Choosing a WordPress Theme

Choosing a WordPress Theme

THE DO’S AND DON’TS OF CHOOSING A WORDPRESS THEME

 

There are thousands (10,000-plus) of WordPress themes out there. So many that it would take days on end to search through them all. So how do you narrow it down to find the perfect one for your site?

When it comes to WordPress themes, less is always more. Building from the bottom up, the theme you choose should only have the features that will help you accomplish the goal of your site, not unnecessary ones that clutter your theme, which brings us to the next point.

2. DON’T CHOOSE A BLOATED THEME

The importance of this is you don’t want a theme cluttered with features — this will only hurt you in the long run. A feature-rich theme might be nice, but it can severely affect site performance. Be sure to restrain yourself against installing every feature you think is cool.

While fancy music players or gaming capabilities might be alluring, they could detract from site performance. Plus, developers often use code they found on the internet for these features, thereby creating security weak spots because they aren’t necessarily focused on keeping a site secure, but performing a specific function.

3. DO CHOOSE A RESPONSIVE THEME

Responsive design simply means making your site ultra-easy to use—not just on a laptop, but on multiple devices. This means that it’s compatible with mobile and has menus and other widgets that are easy to navigate. Look for features like a fluid site grid and flexible images that can translate to non-desktop devices. An example of a responsive theme would be one that can easily translate on a mobile device without any hiccups.

Say that you picked a theme that you love, but it’s not as responsive as you’d like. You’re going to have to customize it a little bit. Here are some ways to make your WordPress theme responsive on your own.

4. DO KEEP COLOR IN MIND

Remember, most of online marketing is based on visual appearance, and colors increase brand recognition as well. If you have a logo, try to match your color scheme of that logo. If sticking to neutrals, a hint of color here and there will make it more interesting. WordPress makes it super easy to alter the appearance, including colors, of a theme by going directly into the file or entering in custom CSS.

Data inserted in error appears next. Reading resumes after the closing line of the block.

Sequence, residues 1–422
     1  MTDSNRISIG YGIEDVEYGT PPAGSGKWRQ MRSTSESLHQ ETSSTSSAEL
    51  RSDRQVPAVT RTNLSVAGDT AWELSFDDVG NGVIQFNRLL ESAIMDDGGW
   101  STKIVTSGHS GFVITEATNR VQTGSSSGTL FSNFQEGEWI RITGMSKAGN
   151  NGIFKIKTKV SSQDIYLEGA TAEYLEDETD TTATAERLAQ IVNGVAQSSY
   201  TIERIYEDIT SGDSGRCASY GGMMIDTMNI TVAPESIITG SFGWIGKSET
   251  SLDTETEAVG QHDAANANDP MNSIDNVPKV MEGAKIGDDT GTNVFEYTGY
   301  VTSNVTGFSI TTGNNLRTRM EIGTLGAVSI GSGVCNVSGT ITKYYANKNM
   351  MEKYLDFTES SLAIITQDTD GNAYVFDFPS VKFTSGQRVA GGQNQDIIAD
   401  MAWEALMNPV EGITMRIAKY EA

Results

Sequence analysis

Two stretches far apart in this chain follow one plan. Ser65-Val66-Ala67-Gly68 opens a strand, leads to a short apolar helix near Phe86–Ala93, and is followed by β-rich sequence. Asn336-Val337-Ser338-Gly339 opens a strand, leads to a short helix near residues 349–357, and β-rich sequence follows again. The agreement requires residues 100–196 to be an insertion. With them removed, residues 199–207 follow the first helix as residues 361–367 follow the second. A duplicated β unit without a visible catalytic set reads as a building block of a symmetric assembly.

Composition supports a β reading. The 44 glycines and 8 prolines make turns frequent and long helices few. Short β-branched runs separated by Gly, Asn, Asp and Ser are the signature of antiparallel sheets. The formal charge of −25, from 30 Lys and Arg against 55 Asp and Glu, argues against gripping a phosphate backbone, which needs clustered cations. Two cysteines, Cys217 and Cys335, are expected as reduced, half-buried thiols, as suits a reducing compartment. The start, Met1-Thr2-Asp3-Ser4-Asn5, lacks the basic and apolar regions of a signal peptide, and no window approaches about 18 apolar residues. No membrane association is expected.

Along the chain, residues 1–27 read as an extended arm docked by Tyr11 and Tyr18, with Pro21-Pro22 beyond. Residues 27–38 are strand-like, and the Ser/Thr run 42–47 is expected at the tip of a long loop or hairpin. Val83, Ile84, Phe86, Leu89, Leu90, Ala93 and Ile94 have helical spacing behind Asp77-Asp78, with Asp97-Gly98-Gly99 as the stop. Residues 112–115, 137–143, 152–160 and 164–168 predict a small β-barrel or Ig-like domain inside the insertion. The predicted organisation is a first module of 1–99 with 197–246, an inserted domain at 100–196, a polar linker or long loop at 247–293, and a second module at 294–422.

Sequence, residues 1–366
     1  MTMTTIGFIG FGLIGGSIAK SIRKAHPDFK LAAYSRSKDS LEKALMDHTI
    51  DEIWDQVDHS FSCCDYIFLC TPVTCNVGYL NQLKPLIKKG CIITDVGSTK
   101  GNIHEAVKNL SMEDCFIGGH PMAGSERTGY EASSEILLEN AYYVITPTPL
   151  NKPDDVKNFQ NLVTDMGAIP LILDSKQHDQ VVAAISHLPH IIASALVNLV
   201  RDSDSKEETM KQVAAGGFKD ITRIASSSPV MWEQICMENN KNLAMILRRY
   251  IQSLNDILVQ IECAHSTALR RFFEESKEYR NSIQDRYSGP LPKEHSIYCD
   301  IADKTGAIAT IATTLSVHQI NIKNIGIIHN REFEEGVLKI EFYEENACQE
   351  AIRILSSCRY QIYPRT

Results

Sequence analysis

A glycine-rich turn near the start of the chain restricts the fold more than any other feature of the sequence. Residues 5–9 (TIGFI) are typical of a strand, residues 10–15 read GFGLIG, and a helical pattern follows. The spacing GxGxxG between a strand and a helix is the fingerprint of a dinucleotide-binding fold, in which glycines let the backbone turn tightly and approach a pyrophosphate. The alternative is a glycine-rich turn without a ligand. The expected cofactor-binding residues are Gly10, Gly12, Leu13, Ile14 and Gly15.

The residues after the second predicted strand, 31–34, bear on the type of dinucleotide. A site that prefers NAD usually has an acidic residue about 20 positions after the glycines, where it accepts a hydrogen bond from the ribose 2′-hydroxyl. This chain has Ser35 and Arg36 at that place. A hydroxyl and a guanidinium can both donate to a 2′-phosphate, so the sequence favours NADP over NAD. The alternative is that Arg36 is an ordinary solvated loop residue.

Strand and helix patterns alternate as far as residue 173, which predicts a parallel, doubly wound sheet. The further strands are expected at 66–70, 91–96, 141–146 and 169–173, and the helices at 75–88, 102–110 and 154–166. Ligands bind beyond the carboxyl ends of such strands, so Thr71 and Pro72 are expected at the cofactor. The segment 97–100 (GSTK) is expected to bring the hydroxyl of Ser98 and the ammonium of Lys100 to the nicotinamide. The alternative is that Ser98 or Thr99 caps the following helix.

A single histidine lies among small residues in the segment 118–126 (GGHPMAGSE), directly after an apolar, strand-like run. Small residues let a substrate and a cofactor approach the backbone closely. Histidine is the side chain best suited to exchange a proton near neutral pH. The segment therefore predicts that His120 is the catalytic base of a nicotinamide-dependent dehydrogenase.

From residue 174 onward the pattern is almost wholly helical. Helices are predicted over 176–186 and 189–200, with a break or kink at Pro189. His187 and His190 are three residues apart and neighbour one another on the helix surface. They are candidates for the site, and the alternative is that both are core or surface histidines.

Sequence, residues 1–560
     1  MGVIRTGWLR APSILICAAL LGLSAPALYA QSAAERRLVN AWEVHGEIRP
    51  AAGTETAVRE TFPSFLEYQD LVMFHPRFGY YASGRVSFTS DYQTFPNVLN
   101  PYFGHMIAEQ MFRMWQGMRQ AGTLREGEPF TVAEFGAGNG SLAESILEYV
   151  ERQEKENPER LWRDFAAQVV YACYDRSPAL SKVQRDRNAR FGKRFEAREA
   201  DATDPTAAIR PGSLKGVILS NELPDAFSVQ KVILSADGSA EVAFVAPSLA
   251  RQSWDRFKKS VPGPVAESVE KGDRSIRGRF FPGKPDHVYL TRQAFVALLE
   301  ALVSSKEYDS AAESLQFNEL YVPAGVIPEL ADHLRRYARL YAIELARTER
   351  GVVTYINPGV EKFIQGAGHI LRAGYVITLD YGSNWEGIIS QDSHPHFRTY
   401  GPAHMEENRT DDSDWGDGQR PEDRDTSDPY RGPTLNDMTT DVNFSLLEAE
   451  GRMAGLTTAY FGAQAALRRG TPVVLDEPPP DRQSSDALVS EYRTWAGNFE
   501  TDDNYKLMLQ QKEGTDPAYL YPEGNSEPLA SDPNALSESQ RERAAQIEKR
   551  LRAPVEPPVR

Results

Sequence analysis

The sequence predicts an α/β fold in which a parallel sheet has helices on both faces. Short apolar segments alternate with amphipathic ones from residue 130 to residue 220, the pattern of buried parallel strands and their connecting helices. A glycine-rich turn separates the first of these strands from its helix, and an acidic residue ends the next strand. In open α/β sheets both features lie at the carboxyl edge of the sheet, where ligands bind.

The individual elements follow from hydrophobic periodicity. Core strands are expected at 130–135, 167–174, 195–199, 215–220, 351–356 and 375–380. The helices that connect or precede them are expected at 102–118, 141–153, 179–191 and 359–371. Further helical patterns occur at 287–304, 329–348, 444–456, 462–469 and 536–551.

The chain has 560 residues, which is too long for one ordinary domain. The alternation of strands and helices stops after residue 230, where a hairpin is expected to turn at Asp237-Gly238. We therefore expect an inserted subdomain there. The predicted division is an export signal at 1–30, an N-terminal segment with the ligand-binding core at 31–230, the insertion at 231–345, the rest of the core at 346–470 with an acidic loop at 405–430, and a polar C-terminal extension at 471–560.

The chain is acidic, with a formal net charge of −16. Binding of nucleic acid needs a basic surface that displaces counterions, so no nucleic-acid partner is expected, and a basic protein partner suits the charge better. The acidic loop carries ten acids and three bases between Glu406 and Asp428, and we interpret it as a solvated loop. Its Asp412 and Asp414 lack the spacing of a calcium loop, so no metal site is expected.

If trying to decide between dark and light, note that it’s statistically shown that site visitors prefer lighter colored sights. While a dark website design isn’t an absolute no, if you do choose to opt for the dark side know that you are decreasing readability and the opportunity for more conventional design elements.

(If you want some advice on colors for your theme, here’s some from our CTO, Jason Cohen.)

5. DO CONSIDER BUYING A PREMIUM THEME

While free themes are great for those on a budget, they can present some issues. Aside from the quality of coding potentially not being up to par, by using a free theme, you take the risk of it not being updated regularly, a lack of support, and the theme author abandoning the theme altogether.

 

David A. Cox of PCClassesOnline.com explains why choosing a WordPress Theme can be difficult.

There are so many flashy templates out there that may appear to offer a great solution… but do they? In this video, Mark Collier (our newest team member) offers up his advice when selecting a WordPress template. Be sure to keep watching our channel for Mark’s future WordPress tutorials, tips, and tricks!

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Jorge Leger
Hi, I am Jorge. I have a diverse background and experience that qualifies me as a Marketing Operations Expert. My knowledge includes Management Consulting for Small Businesses, Entrepreneurs, and Nonprofit organizations. As a Marketing Operations professional, my specialties and disciplines are broad. They include but are not limited to, marketing strategy development, marketing operations design and optimization, marketing automation, sales operations, content development, content marketing, content monetization, web development, design, sales and information architecture. I pride myself on being technical, strategic, and tactical. I work well as the liaison between the technical and non-technical project stakeholders, and I work diligently to achieve results.